Apparently, the racist who spray-painted the N-word on the Martin Luther King Jr. Family Outreach Center early Tuesday did not hear president-elect Donald Trump’s call Sunday to those misinterpreting his victory as a license to hate.
It’s unfortunate it even needed saying, but since the election there has been a lot of lashing out by supporters and opponents, to the discredit of both sides.
The sneak attack on the MLK center was not the only local incident. A gay Washington State University student found his vehicle tagged with slurs.
According to the Southern Poverty Law Center, Washington trails only California and Texas in the number of hate incidents reported since last Tuesday. The good news was a steep fall in such reports by Monday.
The MLK center and WSU incidents are much the exception, with center officials unable to recall any previous racist graffiti and campus police able to recall only one previous investigation into a hate crime. But acts of bigotry have occurred, as they always have.
At Gonzaga University, students wrote messages of reconciliation and unity on campus sidewalks to counter fears Trump’s election would sanctify the racism and xenophobia among his supporters. A few students – of what? – responded by spitting and throwing water on the chalkwork.
A gathering of Eastern Washington University students – concerned that their status as undocumented immigrants exposed them to potential deportation – were interrupted by a shout of “Trump,” as if the name had become a shorthand for cultural hostility.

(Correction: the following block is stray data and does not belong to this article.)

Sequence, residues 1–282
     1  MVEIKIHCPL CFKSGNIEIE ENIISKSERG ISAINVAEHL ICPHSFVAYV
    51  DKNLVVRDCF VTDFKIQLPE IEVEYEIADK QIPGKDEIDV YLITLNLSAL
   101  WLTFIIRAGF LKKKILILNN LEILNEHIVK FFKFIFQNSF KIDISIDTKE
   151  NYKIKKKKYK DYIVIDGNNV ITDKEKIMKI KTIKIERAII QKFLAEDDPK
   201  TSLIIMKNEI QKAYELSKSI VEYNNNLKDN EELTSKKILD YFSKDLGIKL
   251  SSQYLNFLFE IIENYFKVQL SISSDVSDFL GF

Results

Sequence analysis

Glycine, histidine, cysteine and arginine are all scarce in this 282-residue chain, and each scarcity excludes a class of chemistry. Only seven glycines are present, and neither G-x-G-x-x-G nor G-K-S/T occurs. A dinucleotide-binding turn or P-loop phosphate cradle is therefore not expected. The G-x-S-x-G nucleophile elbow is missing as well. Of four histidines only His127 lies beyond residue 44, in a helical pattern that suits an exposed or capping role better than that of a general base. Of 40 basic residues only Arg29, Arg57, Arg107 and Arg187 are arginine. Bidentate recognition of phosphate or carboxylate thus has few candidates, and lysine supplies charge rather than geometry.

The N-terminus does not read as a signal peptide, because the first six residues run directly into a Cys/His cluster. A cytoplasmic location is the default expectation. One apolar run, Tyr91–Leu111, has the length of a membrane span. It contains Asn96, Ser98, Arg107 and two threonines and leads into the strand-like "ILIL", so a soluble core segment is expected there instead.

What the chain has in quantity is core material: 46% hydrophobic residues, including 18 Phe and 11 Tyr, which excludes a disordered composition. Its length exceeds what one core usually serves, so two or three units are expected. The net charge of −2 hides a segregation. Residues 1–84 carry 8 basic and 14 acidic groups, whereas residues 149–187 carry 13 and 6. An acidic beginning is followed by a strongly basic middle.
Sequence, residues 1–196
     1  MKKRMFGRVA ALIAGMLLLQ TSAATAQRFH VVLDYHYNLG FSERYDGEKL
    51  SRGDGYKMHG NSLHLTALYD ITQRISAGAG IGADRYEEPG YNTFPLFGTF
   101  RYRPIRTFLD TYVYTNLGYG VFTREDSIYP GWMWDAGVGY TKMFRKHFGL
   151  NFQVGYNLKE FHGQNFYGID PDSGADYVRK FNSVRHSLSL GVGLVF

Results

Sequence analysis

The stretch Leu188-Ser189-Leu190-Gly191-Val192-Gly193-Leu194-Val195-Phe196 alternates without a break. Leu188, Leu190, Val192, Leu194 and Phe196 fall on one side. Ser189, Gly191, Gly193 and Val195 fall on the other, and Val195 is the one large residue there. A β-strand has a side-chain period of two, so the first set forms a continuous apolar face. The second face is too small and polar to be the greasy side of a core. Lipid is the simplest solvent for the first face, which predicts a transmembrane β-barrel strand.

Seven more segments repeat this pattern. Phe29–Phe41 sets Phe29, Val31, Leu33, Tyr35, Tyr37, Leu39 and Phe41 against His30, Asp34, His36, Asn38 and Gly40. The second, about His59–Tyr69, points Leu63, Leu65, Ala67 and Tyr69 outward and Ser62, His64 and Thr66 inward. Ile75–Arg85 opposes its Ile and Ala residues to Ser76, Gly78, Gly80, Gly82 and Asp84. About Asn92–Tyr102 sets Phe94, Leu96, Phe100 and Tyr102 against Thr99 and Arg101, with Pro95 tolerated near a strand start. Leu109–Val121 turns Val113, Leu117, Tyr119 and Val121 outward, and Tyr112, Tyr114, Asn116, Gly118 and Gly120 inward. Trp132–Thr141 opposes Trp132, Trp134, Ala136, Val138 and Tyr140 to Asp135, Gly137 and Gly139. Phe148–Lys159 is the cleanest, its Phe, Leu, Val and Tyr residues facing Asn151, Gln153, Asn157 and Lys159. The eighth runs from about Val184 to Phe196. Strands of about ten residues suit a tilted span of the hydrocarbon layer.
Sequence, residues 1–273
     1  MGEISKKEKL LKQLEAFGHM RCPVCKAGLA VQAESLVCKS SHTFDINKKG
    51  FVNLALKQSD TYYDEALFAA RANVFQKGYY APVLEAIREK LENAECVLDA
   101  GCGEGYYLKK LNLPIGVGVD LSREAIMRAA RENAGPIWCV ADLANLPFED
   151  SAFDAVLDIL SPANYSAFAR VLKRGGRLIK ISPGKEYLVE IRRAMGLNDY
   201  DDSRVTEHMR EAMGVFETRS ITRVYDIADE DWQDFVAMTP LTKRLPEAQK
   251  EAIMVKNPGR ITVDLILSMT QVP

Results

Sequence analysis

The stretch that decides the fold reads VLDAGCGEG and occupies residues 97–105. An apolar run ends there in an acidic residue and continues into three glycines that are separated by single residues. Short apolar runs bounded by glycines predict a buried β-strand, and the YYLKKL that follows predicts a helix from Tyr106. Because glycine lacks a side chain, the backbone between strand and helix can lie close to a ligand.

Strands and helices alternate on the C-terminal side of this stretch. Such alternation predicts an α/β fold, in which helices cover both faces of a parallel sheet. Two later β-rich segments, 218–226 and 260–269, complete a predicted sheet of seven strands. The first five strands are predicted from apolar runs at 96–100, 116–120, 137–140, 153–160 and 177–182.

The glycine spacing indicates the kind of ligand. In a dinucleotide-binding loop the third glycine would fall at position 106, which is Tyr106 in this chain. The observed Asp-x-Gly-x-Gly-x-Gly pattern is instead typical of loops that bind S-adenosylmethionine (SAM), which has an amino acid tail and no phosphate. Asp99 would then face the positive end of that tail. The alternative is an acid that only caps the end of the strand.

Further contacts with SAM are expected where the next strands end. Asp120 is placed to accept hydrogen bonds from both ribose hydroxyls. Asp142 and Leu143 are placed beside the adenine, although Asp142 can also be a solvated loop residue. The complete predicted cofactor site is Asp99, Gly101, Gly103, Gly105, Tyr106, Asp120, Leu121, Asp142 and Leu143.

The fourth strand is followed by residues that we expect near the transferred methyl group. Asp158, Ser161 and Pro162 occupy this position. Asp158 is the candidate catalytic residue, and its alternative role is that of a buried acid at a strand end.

Trump’s statement on “60 Minutes” says otherwise, but he will have to go further. The passions he rode into the White House were sustained in part by malice toward the nation’s first black president – anger he encouraged by questioning President Obama’s citizenship.
And it would be discouraging if Alabama Sen. Jeff Sessions was appointed attorney general, as has been rumored. Session’s record on civil rights as a U.S. attorney was so bad that, when named to a U.S. District Court seat by President Ronald Reagan, the Senate Judiciary Committee rejected his appointment, with two Republicans and a senator from his own state voting with the majority.
But whatever the signals from Washington, D.C., the Inland Northwest has never been confused about how to respond to racial provocateurs.
By noon Tuesday, Mayor David Condon, City Council President Ben Stuckart, and dozens of citizens had rallied to the MLK center, paint brushes in hand, to cover a smear aimed at children.
When white supremacists tried to stake out a homeland in North Idaho in the 1980s and 1990s, the Kootenai County Task Force on Human Relations carried the day for civil rights.
Prejudice will always be out there, lurking in the shadows or strutting in daylight. Our fight against it can never stop.
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